12th November 2010, 11:45 PM
Thanks a lot Colin, great answer!
13th November 2010, 04:58 PM
Welcome to CIC.
I look at resolution from the film perspective, specifically because I started in photography long before the idea of a digital camera ever existed.
When considering resolution with film, it is always defined by the response to "Line Pairs" whose contrast and spacing are well known parameters. A line pair is a bright line alternating with a dark line of equal width. When the resolving power of a film is measured, it is done at two contrast levels because the resolution of film will actually vary as a function of the local contrast. Lets call up a film data sheet to help explain things:
Fujichrome Provia 100F Professional Data Sheet
Open the PDF and go to page 6. There are two sections here that are critical to the film's resolution performance, 17. RESOLVING POWER and 20. MTF CURVE.
The MTF curve is a plot of the flim's ability to resolve distinct line pairs as the width decrease. Even a line pair pattern of pure black and pure white lines will eventually fade to a 50% gray as the film is no longer to resolve the line pairs.
The Resolving Power is more akin to a digital imagers resolution and you can easily convert between the two. As you can see by the film I chosen, when the contrast level is 1000 : 1, the film will be able to resolve 140 line pairs per millimeter and at the opposite extreme of contrast, 1.6 : 1, the film resolves 60 line pairs per millimeter.
As get a sense of these contrasts, here are a couple examples:
For most photography, we're rarely dealing with such extremes, so lets come up with a single number that would be easy to work with.
Lets calculate the average ( 140 + 60 ) / 2 = 100 Line Pairs / millimeter
For a digital photographer, this isn't the most useful of numbers, so lets convert it to the equivalent of a digital imager. Knowing that the standard 135 film frame ( Standard 35mm film ) is 36mm x 24mm we can do some simple math:
100 lp/mm * 2 * 36mm = 7,200 "Pixels"
100 lp/mm * 2 * 24mm = 4,800 "Pixels"
Remember the multiply by 2 is to turn line pairs into the individual resolvable pixels. I put the resulting Pixels in quotes since film does not have individual pixels but these would be the minimally resolvable areas that we can term as a pixel.
Lets multiply these numbers to get:
7,200 "Pixels" * 4,800 "Pixels" = 34.56 MP
Ever see any dSLRs claiming anything close to a full frame 34.56MP imager ?
So, how would a dSLR compare ? Well, my dSLR will keep life easy for us, a Sigma SD14. The SD14's Foveon imager stacks pixels within the vertical bulk of the Silicon chip, very similar to the layers of a color film emulsion. ( I'll explain why Bayer imagers would be a head ache in a bit ) I know that Sigma marketed the SD14 as a 14MP dSLR, but we know from the film example that the emulsion layers aren't counted seperately, so in real life, the Sigma SD14 is a 4.7MP with a native resolution of 2652 x 1768 pixels. To understand the numbers we also need to know the SD14's frame size of 20.7mm x 13.8mm. Lets do the simple math to turn this into a film style resolution number:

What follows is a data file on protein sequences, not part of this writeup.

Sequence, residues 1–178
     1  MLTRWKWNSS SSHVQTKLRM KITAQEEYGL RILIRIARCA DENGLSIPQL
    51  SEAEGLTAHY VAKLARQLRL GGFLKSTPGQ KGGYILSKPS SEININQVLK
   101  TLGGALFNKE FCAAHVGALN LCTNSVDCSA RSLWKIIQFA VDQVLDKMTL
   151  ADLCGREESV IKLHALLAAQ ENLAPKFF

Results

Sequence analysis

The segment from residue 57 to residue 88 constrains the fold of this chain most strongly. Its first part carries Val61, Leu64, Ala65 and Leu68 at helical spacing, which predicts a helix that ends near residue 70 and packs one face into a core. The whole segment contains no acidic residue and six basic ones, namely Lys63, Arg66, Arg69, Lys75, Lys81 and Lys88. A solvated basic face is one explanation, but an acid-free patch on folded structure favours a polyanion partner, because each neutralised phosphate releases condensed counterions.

2652 Pixels / 20.7mm / 2 = 64.06 Line Pairs / mm
So, where the 34.56 MP film value is significantly higher than SD14's 4.7MP, the fact that the SD14's 64 lp/mm is not all that below the film's 100 lp/mm means the resulting image quality is fairly close.
Now for the Bayer Horrors !
A camera employing a Bayer masked imager is a very different critter than the Sigma/Foveon or film. For every Green sensing pixel, there is a neighboring location where the Green value is guessed at. Red and Blue are worse in that for every sensed pixel, there are three neighboring pixels that need to be guessed at. This is what is referred to as interpolation - A fancy word describing very sophisticated mathematical processe to recover missing data.
This means that for every image file pixel, one channel is real and the other two have been guessed.
To complicate matters further, Bayer masked imager based cameras employ a soft focus filter to eliminate the phenomenon of Moiré patterns caused when details of the the image falling on the imager becomes close to the spacing of the photosites. Camera manufacturers don't call it a soft focus filter, since they are trying to get prospective buyers into thinking their camera will yield the sharpest image, so this is termed an Anti-aliasing filter. Ether way, no matter how good the optics are or the over all quality of the imager and mathematics behind the interpolation, you still have a soft focus filter in the light path.
As you can see by my examples, mathematically equivalencing a Bayer masked imager to film resolution is not a simple task, but feel free to approximate by using the prior formula that I shown for the SD14. The results should be close enough.
See Hot Rod (High Resolution) Your Camera For Maximum Resolution! for more details regarding the Anti-aliasing filter.